The Traitor (play)

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The Traitor is a Caroline era stage play, a tragedy written by James Shirley. Along with The Cardinal, The Traitor is widely considered to represent the finest of Shirley's efforts in the genre, and to be among the best tragedies of its period. "It is impossible to find a more successful drama of its type than Shirley's Traitor."[1]

The Traitor was licensed for performance by Sir Henry Herbert, the Master of the Revels, on 4 May 1631, and was acted by Queen Henrietta's Men at the Cockpit Theatre. The play was first published in 1635, with a dedication by Shirley to William Cavendish, 1st Duke of Newcastle.

In creating the character of Sciarrha, Shirley may have been influenced by Foreste in Sir William Davenant's The Cruel Brother (1627). Shirley's source for the play's subplot was the account of the murder of Buondelmonte in Le istoire fiorentine by Niccolò Machiavelli.[2]

The play was revived during the Restoration era, in November 1660. King Charles II saw a public performance on 10 October 1661, a performance witnessed by Samuel Pepys.[3] An adaptation of The Traitor was published in 1692, under its original title, but with the authorship credited to a "Mr. Rivers."[4] In 1819, Richard Lalor Sheil produced an adaptation of The Traitor called Evadne.

Synopsis[edit]

The protagonist of the play is Lorenzo, a character based on the historical figure Lorenzino de' Medici, cousin and favorite of Alessandro de' Medici, Duke of Florence. Because of his political ambition to supplant the Duke, Lorenzo sets up his own faction and begins two plots. One is to frustrate the fortunes of his rival Cosmo by impeding his marriage to the wealthy Oriana; the second is to bring down the Duke by imbroiling him in a quarrel with the violent nobleman Sciarrha.

At first, Lorenzo's schemes bear fruit. He defends himself successfully against accusations of conspiracy; and he encourages the Duke to take Sciarrha's sister Amidea as his lover, and incites Sciarrha's ire in response. When Sciarrha tells his sister that he plans to kill the Duke, Amidea prevails upon him to let her deal with their problem. The Duke comes to Amidea's apartments, not realizing that Sciarrha is hidden behind the arras of her bedchamber. Amidea tries to appeal to the Duke, but he is determined to have her; before he can force her to submit, Amidea draws a poniard, wounds her own arm, and threatens to kill herself. This forces to Duke to back down and turn penitent. Sciarrha emerges from hiding, admits he planned to kill the Duke, and tries to enlighten him as to Lorenzo's plotting. The Duke hides behind the tapestries to overhear Sciarrha's talk with Lorenzo. Lorenzo, however, is too crafty to fall into Sciarrha's trap, and feigns ignorance of the matter and pretends to call for the Duke's guards. The Duke decides to treat the matter as a misunderstanding, and has the two men reconcile.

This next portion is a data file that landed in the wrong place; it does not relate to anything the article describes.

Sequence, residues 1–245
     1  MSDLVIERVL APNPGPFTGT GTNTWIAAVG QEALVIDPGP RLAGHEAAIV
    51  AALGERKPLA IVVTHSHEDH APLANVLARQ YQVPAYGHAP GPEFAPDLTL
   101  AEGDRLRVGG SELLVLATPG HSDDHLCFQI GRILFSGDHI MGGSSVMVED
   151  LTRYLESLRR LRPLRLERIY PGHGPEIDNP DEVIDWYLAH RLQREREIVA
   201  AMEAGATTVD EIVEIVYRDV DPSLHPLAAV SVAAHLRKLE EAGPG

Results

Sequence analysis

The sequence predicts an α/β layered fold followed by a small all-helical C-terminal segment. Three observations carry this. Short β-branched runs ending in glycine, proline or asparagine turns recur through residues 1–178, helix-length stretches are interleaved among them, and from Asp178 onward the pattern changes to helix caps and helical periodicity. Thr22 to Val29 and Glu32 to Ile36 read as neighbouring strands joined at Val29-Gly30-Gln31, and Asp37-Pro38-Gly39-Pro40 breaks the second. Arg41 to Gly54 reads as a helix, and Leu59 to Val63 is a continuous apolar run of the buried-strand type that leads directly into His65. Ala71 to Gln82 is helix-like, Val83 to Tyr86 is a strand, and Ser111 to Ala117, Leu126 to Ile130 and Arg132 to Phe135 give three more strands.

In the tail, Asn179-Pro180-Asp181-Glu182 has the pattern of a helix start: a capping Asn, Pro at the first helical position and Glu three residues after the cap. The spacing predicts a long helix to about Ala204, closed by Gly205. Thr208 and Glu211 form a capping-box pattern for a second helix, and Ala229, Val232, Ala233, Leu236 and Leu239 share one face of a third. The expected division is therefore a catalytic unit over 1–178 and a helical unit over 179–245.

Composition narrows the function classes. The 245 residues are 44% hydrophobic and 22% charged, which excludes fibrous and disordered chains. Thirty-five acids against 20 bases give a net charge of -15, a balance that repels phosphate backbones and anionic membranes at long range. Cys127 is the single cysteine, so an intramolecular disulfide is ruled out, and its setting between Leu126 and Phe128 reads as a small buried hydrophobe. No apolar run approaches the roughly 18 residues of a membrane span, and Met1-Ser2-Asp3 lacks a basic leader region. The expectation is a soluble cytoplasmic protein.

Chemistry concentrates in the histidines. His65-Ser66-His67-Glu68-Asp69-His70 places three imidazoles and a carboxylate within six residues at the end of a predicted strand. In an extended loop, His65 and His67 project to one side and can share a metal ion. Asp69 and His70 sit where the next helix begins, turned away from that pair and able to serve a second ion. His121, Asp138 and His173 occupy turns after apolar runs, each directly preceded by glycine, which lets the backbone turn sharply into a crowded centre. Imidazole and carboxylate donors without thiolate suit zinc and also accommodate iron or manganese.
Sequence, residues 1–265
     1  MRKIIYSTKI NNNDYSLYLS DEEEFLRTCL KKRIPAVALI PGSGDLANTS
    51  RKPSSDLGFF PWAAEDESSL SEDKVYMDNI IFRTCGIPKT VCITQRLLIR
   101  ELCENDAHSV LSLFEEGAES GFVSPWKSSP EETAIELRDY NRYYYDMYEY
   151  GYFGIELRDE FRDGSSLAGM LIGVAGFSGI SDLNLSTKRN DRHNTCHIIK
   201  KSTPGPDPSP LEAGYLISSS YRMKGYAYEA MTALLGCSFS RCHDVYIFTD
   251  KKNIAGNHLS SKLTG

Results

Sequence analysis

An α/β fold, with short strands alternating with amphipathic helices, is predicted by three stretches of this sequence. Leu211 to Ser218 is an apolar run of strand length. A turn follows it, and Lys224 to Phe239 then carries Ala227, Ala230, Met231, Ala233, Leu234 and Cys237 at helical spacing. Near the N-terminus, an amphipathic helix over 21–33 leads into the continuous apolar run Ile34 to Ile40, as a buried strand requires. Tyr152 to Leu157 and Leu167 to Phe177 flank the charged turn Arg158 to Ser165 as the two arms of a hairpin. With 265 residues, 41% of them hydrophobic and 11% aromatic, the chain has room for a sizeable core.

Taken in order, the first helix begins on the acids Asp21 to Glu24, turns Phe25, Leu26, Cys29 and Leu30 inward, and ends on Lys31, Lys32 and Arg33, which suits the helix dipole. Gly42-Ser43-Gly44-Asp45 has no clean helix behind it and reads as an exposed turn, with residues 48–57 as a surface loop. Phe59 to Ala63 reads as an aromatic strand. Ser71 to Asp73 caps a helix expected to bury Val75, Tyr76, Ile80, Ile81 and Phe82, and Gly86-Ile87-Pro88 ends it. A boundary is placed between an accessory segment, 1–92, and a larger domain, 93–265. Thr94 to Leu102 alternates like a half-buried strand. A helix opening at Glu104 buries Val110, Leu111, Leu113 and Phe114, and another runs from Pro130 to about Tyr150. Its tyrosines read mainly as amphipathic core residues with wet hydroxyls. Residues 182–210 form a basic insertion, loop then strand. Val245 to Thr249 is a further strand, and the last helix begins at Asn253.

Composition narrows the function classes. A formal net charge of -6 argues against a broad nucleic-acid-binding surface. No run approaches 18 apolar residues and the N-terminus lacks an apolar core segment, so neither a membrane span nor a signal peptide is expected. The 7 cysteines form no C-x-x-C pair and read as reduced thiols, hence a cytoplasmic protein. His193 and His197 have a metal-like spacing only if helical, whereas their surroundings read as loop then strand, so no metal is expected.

Though one of his plots is frustrated, Lorenzo has better luck with his other scheme. Cosmo, fearful of Lorenzo as the Duke's favorite, surrenders his interest in Oriana to another nobleman, Pisano; Pisano, in turn, breaks his engagement with Amidea and wins the consent of Oriana's mother. Lorenzo manipulates Sciarrha's anger at Pisano's treatment of Amidea; Sciarrha kills Pisano on the morning of his marriage, and Lorenzo sets him up to murder the Duke as well. Sciarrha tells Amidea that she will have to yield to the Duke, if he does not kill her; playing for time, Amidea suggests that she will satisfy the Duke — and Sciarrha stabs her. Dying, she confesses that she was not serious in what she'd said.

Sciarrha places his sister's body in her bed; the Duke enters, kisses the corpse, and realizes that she is dead. As he raises an alarm, Lorenzo and a confederate enter and stab the Duke. Sciarrha enters, and Lorenzo and Sciarrha fight and kill each other.

The play's element of comic relief is supplied by the character Depazzi.

References[edit]

  1. ^ Felix Emmanuel Schelling, Elizabethan Drama 1558–1642, Boston, Houghton Mifflin, 1908; p. 324.
  2. ^ Terence P. Logan and Denzell S. Smith, eds., The Later Jacobean and Caroline Dramatists: A Survey of Bibliography of Recent Studies in English Renaissance Drama, Lincoln, NE, University of Nebraska Press, 1978; p. 159.
  3. ^ Arthur Huntington Nason, James Shirley, Dramatist: A Biographical and Critical Study, New York, 1915; reprinted New York, Benjamin Blom, 1967; pp. 154-5.
  4. ^ Alfred Harbage, "Elizabethan:Restoration Palimpsest", Modern Language Review, Vol. 35 No. 3 (July 1940), pp. 287-319; see p. 288.